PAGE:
Hong Kong Rail Plan Raises Fears of Mainland China’s Influence

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HONG KONG — A proposal to lease part of a new Hong Kong rail terminal to mainland China and to allow Chinese officers to enforce mainland law there has raised concerns the plan would undermine this city’s legal autonomy.

Hong Kong officials have said that the terminal, which is scheduled to open late next year in the city’s West Kowloon district, needs mainland customs and immigration officers in addition to Hong Kong officers in order to maximize efficiency for travelers. The 85-mile express rail line will connect Hong Kong with the cities of Shenzhen and Guangzhou in the neighboring mainland province of Guangdong.

When Hong Kong, a former British colony, returned to Chinese control 20 years ago, it was promised a high degree of autonomy, including the ability to keep its own legal, political and economic systems. Hong Kong maintains its own borders, and travelers between Hong Kong and mainland China pass through immigration controls similar to those between nations.

Under the Hong Kong proposal announced on Tuesday, customs, immigration and quarantine officers from Guangdong Province would have enforcement powers in about one-quarter of the station’s five-story terminal.

“It speaks of a greater presence of Chinese officials, of Chinese law, of Chinese values in the heart of Hong Kong,” Simon N. M. Young, a law professor at the University of Hong Kong, said in an interview.

“It’s worrisome,” he added.

Pro-democracy politicians in Hong Kong say the stationing of mainland Chinese officers in the city could undermine the “one country, two systems” model that allows Hong Kong to maintain the way of life residents had before the 1997 handover to Chinese rule, including civil liberties unknown on the mainland.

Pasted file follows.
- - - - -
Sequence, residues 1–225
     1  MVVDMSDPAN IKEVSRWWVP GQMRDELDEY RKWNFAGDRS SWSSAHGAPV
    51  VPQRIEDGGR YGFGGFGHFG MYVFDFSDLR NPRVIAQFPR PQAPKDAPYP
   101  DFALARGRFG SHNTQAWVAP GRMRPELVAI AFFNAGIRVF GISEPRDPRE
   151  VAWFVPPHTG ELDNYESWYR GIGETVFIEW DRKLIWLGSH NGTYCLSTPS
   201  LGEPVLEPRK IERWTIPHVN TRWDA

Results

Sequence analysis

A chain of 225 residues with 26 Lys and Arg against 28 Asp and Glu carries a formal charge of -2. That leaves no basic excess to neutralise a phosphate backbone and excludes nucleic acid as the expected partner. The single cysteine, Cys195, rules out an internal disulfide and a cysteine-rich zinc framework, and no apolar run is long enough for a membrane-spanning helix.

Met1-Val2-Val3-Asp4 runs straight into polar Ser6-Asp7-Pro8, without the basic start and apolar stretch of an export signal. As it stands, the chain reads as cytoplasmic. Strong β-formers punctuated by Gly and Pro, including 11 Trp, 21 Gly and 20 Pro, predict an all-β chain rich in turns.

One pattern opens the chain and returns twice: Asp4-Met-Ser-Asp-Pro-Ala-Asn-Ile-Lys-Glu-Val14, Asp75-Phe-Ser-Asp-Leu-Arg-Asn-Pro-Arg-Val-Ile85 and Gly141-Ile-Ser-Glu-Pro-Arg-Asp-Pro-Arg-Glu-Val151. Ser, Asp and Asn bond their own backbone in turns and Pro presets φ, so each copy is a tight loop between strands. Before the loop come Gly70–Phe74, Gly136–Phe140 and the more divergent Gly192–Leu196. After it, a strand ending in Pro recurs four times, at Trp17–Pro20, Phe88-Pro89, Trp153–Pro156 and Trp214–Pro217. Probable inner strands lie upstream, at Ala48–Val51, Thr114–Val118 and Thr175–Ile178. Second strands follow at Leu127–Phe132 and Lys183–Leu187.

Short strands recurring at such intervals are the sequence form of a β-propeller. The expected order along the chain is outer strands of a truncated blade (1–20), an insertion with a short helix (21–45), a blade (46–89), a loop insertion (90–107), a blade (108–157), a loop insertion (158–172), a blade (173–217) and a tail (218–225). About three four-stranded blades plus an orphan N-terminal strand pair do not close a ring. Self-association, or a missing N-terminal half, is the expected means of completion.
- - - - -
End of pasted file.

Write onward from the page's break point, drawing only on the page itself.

Many Hong Kong residents have said they are concerned about threats to rule of law and free expression. The dramatic disappearances two years ago of Hong Kong booksellers who sold gossipy potboilers about China’s political elite heightened those worries.

Five men were taken into custody in mainland China, including one who was taken from Thailand and another who disappeared off the streets of Hong Kong. The men gave televised confessions that one said had been forced.

In January, a well-connected Chinese billionaire was taken from a hotel in Hong Kong and ended up in custody on the mainland, which was seen here as another case of mainland law enforcement trampling over legal protections in Hong Kong.

Hong Kong officials say the rail terminal plan, which is called “one place, two checks,” will enhance the efficiency of the high-speed rail system and eliminate the need for passengers to go through separate immigration protocols on both sides of the border.

Train trips between Hong Kong and Guangzhou will take about 48 minutes, from about two hours now, the government says. The project, which will cost Hong Kong more than $10 billion, was first proposed in 2000.

A similar immigration system was put in place 10 years ago in Shenzhen, where Hong Kong officers have jurisdiction at a control point on land that is part of Guangdong Province. But that move had none of the controversy of mainland officers working on Hong Kong soil.

Hong Kong officials say the scope of mainland officers’ powers will be limited, and will not undermine Hong Kong’s autonomy.

“There is no question of that sort of concern and worry that we are compromising on the rule of law, on one-country, two systems, in order to get the convenience of the high-speed rail,” Carrie Lam, the chief executive of Hong Kong, the city’s top official, told reporters on Tuesday.

But her assertion did little to quell public doubts.

“Why do we need this? Hong Kong is already connected to the mainland by land, air and sea,” said Claudia Mo, a Hong Kong lawmaker. “The Chinese Communists, they know Hong Kongers are not feeling very Chinese these days, and they want to further consolidate the sentiment that Hong Kong is China.”

Ms. Mo, a member of the pro-democracy camp in Hong Kong’s 70-seat Legislative Council, said there was little hope of blocking or forcing a modification of the proposal after four of her legislative allies were unseated this month. While the passage of the rail terminal plan is expected to be controversial, the government now has the legislative power to make it happen, she said.

“We’ve lost our veto power,” she said.